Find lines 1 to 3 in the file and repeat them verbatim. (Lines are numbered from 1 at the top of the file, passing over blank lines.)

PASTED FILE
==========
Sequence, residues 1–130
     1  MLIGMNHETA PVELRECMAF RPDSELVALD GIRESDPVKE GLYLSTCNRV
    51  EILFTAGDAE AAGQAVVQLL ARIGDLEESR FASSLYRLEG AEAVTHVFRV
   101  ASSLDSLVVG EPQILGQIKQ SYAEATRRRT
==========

Sequence, residues 1–130
     1  MLIGMNHETA PVELRECMAF RPDSELVALD GIRESDPVKE GLYLSTCNRV
    51  EILFTAGDAE AAGQAVVQLL ARIGDLEESR FASSLYRLEG AEAVTHVFRV